Whether you're stalled in your career, looking for more career flexibility, or simply want a bigger pay check, getting a Masters of Business Administration (MBA) is a plausible next step for you. However, before charging off to the classroom it's important to sit down and really think about what you want to get out of the program.
Here are five things to consider before getting your MBA.
1. Will it Expand Your Comfort Zone?
One of the biggest benefits of a good MBA program is that it gives students the opportunity to become more generalist. While stretching some long unused mental muscles might feel intimidating at first, having a range of skills is one of the best ways to protect yourself against being laid off during company restructuring. It will also help you work better during team projects if you understand a bit about what the other members of your team are doing.
Make sure the schools you're considering offer a range of classes and then don't hesitate to take them!
2. Ask About Group Projects
Speaking of working in a team, according to Care.com CEO Sheila Marcelo, “Study groups outweigh classroom participation.” When business students talk about learning how to work as a team, you often hear the phrase, “learn to be a leader.” This is a valuable skill, however; if everyone on your team tries to be a leader you'll waste time and emotional energy in conflict. Learn to be a leader, yes, but also learn to follow. Learn when your team needs a leader, then learn to step up. This is the value of group projects.
3. Networking and Mentorship
One of the traditional benefits of getting an MBA are the networking and mentorship opportunities. Business leaders from across the country come to give lectures, offering you the opportunity to ask questions that might not be appropriate to ask if you were their employee.
Similarly, as a student, people expect you to seek advice and guidance. Take advantage of this by reaching out to alumni in your field, because once you're out in the “real world,” such advances are sometimes (though not always) seen as insincere.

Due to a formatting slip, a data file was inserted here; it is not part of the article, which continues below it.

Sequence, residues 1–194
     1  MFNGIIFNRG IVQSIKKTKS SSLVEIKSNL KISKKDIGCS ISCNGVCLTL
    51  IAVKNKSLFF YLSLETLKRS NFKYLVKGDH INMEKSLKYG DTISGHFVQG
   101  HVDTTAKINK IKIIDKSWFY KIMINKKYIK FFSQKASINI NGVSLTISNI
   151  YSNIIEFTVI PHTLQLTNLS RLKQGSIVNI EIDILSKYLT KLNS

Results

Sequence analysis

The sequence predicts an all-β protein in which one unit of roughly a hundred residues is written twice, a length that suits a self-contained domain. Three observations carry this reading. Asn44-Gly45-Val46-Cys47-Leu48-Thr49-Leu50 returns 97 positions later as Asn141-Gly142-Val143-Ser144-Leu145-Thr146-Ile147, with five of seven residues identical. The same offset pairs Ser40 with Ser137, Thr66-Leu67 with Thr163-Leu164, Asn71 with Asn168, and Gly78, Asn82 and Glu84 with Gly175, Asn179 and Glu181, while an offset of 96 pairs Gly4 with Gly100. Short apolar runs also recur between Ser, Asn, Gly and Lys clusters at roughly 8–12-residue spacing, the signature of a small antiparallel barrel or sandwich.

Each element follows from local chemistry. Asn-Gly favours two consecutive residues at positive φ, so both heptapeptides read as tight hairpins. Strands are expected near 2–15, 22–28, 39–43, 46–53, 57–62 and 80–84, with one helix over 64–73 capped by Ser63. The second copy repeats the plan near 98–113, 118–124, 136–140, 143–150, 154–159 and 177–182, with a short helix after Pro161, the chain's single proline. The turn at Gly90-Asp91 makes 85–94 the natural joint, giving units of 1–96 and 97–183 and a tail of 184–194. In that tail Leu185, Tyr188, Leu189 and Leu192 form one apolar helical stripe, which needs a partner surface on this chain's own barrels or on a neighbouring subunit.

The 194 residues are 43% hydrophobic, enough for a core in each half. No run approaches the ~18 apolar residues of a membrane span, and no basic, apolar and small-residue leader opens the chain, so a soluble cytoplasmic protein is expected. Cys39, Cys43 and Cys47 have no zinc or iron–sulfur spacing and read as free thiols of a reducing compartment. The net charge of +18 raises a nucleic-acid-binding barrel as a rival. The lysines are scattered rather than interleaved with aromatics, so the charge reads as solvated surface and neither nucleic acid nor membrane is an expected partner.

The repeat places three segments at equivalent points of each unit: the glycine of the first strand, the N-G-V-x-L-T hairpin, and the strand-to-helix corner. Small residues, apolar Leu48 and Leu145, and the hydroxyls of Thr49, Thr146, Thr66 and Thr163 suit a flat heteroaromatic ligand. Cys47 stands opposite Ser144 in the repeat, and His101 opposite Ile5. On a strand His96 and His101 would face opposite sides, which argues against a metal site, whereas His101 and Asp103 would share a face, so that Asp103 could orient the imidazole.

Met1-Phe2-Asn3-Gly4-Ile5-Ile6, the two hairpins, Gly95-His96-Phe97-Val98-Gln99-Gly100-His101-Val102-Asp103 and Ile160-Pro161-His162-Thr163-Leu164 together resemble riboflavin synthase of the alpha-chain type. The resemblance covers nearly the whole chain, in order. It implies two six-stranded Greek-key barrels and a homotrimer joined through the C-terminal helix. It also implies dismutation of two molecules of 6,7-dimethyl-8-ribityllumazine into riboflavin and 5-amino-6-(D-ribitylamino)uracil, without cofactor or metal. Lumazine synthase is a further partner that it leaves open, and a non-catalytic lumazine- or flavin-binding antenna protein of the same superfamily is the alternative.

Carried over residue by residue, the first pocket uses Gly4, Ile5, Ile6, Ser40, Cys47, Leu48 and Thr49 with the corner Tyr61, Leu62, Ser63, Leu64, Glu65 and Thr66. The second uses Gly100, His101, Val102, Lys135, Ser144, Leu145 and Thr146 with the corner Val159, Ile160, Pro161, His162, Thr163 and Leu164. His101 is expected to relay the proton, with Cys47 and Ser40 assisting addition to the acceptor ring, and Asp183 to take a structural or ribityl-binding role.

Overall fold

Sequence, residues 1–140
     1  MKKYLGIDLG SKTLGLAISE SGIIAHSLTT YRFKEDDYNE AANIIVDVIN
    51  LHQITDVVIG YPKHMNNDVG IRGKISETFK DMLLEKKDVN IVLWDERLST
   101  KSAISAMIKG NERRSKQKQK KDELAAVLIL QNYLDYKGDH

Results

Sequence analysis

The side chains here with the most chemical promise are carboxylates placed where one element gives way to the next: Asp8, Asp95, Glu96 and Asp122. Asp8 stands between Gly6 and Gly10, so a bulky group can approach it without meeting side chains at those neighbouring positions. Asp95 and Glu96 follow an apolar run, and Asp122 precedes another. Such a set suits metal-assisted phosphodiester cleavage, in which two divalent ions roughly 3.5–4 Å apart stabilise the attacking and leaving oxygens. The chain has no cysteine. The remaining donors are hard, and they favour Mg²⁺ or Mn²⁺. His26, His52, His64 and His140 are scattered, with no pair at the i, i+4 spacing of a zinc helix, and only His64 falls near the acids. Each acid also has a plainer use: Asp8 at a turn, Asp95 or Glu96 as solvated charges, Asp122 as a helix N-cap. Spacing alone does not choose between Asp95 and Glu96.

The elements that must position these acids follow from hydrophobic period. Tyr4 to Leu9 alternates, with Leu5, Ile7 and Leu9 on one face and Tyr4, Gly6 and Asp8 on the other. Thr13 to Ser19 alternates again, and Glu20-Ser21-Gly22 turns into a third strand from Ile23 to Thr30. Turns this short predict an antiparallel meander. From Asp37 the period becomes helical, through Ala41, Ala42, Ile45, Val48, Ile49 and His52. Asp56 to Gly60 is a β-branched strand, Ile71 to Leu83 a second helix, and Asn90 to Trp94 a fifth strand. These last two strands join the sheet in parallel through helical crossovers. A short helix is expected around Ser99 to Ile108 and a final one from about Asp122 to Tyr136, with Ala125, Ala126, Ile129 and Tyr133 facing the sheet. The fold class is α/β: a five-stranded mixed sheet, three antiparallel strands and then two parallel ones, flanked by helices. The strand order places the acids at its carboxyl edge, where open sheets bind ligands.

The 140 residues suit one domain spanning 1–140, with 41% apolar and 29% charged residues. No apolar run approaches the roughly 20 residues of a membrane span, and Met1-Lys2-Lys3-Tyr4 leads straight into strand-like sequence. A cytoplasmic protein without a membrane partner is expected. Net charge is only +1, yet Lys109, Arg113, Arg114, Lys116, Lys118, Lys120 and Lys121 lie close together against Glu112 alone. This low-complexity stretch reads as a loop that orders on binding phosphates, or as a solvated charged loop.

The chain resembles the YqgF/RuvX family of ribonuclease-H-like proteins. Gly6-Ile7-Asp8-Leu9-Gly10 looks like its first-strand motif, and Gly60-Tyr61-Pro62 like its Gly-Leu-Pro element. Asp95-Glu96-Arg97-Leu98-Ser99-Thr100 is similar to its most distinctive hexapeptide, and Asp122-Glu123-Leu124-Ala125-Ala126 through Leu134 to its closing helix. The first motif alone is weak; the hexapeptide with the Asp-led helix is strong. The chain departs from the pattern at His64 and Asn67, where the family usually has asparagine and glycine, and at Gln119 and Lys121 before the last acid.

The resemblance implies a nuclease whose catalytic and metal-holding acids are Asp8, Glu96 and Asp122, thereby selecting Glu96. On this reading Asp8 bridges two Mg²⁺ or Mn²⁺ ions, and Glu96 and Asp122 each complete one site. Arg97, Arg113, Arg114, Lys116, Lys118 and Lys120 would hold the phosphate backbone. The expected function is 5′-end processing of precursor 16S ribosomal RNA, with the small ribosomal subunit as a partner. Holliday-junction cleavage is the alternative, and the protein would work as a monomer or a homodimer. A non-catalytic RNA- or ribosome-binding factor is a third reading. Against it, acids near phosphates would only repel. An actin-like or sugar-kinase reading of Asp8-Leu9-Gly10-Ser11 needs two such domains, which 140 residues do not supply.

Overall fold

Finally, cultivate good relationships with your professors. These people are there because they enjoy helping students succeed and, having been at the school far longer than any student, professors often have incredibly powerful networking connections.
4. Will it Interrupt Your Life?
If you're not happy with your current job, you might not mind taking a couple of years off to pursue your MBA, but what if you are already happy with your work and you just want to take things to the next level?
It depends a little on what you're already doing. Some companies might welcome you back after an absence getting your MBA. However, others might not. That's why many students find getting their MBA online demonstrates loyalty to their company (as they are still working there), and their drive (taking classes during their free time). Be sure to check out WSU's online mba program if you're considering this option.
5. How Much Will it Cost?
While it's difficult to break down exactly how much a good, well-rounded MBA is worth (after all, some of the greatest benefits are intangible), it's still worth considering – especially because some schools are far more expensive than others.
Even if you're not a financial alchemist, it's easy to see that taking on too many student loans could pose a problem, as it then puts pressure on you to get a job that pays well enough to make the investment worth your time.
Therefore, make sure you investigate both big brand name schools, which generally have matching price tags, and smaller schools. If your heart is set on an expensive school, see if you can find any scholarships, or consider saving for a year or two before attending to help bring down your student loan burden.
Getting an MBA is often a great decision. It is, however, a BIG decision. Do your research, and your soul-searching, so you know you're making the right choice.